Soil Testing Demystified

Updated: Aug 10, 2018

Have you tested your soil before? Read this.


The average landscape or chemically treated farm land requires regeneration. Property development and the use of untargeted and artificial fertilizers and biocides works against the living and dynamic nature of soil.


The most important thing to remember when growing a farm or garden is to “grow soil, not just plants”.


If we grow by this principle we can get the soil to work for us in ways that not only generate better results, but that save growers a ton of money.


A powerful tool in this process is soil testing. Fundamentally, growers cannot manage what cannot be measured. How do you know what to add if you do not know what is missing?

Here’s the first thing to know about soil testing, all soil testing is not the same. Extension Services and many University labs offer soil testing to growers, but they look for only a limited number of essential elements, meaning, they are not evaluating a full inventory of the elements required for healthy plant growth.


This is important because a system can only operate based on its weakest link. This is known as the “Law of the Minimum”, a principle developed in agricultural science by Carl Sprengel and later popularized by Justus von Liebig in the late 1800’s.


Think of conventional soil testing like a typical doctor’s visit, where instead of investigating the root causes of an illness through diet or custom blood testing, you receive a pill to fix your symptom. Rather than taking pills in order to eat more fast food, with Soil Test Solutions we are changing our diet and taking probiotics.


Our soil testing process uses private labs that perform what is called “base saturation soil testing”, developed around the pioneering work of Dr. William Albrecht. This sounds complicated, but it is pretty simple once you grasp the concept. Here is a quick explanation.


On paper, soil is comprised of sand, clay, and organic matter. Sand is inert and mostly there to allow drainage, so put it aside. Both clay and organic matter hold moisture, but they are also electrically charged. Clay is almost strictly a negative charge, while organic matter is more complex and retains both positive and negative charges. Overall, the soil has a net negative charge.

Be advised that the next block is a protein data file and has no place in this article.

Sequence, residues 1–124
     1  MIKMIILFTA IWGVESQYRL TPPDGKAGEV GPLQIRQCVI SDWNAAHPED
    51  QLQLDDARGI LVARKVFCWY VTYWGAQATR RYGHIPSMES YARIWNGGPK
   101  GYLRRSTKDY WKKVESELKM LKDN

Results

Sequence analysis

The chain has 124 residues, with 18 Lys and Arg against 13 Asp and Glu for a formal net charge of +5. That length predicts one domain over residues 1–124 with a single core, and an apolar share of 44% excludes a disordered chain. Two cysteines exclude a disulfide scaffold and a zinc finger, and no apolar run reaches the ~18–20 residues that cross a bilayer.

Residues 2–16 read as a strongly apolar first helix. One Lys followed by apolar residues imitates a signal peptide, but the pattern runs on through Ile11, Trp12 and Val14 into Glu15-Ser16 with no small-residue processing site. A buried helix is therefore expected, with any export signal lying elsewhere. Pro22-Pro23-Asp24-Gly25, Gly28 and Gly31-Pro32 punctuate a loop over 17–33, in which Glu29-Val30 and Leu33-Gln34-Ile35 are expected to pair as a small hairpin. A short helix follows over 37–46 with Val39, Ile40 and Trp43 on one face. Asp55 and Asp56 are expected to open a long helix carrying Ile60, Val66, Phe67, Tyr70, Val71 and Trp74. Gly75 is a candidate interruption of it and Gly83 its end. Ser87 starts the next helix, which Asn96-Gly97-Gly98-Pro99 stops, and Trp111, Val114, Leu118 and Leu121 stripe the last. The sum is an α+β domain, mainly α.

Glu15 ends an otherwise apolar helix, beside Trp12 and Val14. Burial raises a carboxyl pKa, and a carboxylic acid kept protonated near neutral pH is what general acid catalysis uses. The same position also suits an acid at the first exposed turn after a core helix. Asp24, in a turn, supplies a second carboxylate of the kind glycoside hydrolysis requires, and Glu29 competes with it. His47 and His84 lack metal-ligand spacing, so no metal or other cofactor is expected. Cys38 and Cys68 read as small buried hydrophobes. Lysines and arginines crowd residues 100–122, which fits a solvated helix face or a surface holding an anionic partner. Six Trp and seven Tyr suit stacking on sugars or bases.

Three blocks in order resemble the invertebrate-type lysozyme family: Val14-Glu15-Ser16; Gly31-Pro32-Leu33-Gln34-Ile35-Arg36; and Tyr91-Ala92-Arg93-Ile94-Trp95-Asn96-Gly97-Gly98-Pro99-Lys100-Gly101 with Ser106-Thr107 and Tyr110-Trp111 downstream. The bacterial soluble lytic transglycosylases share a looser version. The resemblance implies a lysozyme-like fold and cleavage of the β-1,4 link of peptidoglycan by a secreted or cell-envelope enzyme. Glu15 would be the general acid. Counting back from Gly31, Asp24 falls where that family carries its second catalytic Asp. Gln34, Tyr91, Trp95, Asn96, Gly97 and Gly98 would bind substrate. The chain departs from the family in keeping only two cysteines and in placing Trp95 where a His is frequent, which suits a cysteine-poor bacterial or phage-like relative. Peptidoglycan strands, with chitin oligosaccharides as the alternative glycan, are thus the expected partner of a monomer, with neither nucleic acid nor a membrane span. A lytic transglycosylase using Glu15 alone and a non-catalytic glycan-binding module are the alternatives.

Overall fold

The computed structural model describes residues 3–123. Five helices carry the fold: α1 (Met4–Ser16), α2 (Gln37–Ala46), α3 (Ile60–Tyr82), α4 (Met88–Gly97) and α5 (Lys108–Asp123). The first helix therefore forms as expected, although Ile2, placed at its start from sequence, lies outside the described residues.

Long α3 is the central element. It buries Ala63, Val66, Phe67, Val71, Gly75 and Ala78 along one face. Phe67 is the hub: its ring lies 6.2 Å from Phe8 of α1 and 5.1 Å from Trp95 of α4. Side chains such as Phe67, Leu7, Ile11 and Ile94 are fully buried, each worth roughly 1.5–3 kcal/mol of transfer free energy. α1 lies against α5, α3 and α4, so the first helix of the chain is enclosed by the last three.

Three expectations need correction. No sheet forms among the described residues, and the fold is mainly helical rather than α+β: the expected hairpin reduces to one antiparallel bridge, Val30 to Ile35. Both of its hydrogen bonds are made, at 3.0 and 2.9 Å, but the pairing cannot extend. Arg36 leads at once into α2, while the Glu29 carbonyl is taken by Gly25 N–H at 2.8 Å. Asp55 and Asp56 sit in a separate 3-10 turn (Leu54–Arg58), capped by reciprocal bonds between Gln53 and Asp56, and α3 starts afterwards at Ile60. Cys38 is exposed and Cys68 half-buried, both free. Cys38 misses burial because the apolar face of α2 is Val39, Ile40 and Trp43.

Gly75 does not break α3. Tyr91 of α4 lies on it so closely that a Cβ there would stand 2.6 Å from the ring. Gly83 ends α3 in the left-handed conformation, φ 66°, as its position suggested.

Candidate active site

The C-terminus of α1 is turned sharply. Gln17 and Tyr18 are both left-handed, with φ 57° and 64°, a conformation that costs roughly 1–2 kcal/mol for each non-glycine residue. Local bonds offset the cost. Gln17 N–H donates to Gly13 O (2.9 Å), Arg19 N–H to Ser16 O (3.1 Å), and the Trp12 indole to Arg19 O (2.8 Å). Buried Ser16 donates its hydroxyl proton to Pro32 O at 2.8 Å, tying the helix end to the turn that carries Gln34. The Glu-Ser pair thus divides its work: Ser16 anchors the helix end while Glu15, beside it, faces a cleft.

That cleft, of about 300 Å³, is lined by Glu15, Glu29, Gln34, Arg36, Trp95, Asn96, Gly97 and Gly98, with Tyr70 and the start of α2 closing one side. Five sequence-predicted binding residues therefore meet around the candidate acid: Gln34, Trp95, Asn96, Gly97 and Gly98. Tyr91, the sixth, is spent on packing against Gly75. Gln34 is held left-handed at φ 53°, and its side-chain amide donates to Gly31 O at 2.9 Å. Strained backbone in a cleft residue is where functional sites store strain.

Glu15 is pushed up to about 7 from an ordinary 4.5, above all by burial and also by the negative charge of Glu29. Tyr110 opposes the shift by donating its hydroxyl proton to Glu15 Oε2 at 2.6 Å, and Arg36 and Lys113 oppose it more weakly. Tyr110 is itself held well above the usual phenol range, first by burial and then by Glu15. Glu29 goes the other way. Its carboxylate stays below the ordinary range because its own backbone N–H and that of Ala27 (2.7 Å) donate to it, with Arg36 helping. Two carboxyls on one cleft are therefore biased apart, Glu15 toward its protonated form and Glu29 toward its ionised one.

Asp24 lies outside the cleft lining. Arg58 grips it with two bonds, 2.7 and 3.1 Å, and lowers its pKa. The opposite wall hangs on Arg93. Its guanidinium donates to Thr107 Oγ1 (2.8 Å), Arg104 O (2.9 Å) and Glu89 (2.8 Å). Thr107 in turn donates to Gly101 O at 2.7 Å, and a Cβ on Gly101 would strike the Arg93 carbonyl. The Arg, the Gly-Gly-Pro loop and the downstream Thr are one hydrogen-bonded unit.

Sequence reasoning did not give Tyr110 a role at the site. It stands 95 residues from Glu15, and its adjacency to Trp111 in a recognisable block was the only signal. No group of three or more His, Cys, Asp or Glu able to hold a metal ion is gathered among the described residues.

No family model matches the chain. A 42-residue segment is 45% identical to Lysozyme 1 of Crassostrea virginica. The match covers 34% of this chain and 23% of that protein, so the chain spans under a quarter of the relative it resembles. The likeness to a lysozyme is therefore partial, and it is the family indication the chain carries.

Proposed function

So the more clay and organic matter you have in your soil, the more charged binding sites there are in the soil, and the opposite negative and positive attract, like a magnet.


The majority of elements required for healthy plant growth have a positive charge. This phenomenon of soil “holding” positive mineral elements is called the “Cation Exchange Capacity”, or CEC. It is a measurement of how many positive ions soil can hang on to for use by crops at a later time, and is typically found on almost all soil testing reports.


Just like all forms of life, at a base level the soil is an energetic entity. What we are doing with Soil Test Solutions is testing for all of the elements required for healthy plant growth, and managing them into balance by comparing your results to the “base saturation” percentages in healthy soil that were established by Dr. Albrecht and many other soil pioneers over the years – 65% calcium, 15% magnesium, 3.5% potassium, etc.


We then take soil testing several steps further; the result of the Soil Test Solutions process is a comprehensive report that recommends specific custom mineral applications to balance the minerals in your soil. Yes, there is a lot of math. And, yes, this can appear complicated. But don’t worry, we do all of that for you!


When your soil has proper mineral balance, something magical happens that cannot be accomplished using conventional growing methods. Soil starts to work for you in incalculable ways such as increased yields, mitigating pests & disease, better drainage, and so much more.


The soil is a living organism that has physical, mineral, biological, and energetic capacities. With Soil Test Solutions we approach all of these platforms through what we call “BioEnergetic Agriculture”.


The mineral makeup of soil determines its physical structure. When a soil has the correct mineral balance, the correct physics of that soil will also be achieved. When the chemistry and physics are right, the environment for the biology will also be most ideal. That is why so much emphasis is placed on achieving the precise range for each nutrient.


Essentially, the Soil Test Solutions fertility model utilizes soil chemistry to affect soil physics, which creates a proper environment for soil biology.


The Soil Test Solutions process is focused on feeding the soil, not just plants. For example, most conventional fertilizers have a lot of nitrogen in them. Nitrogen is popular as a fertilizer because it will "green up" a plant, but with Soil Test Solutions we don’t even test for nitrogen. It turns out that each percent of organic matter in the top 6 inches of a medium textured soil releases about 10-20 pounds of nitrogen per acre per year.


Plus, almost 80% of air is nitrogen. A biologically healthy soil contains many different forms of nitrogen-fixing bacteria that can fix nitrogen from the air for free. The ability of soil microbes to create humus also accounts for the logic of home composting, using cover crops in farming, or mulch mowing in turf applications.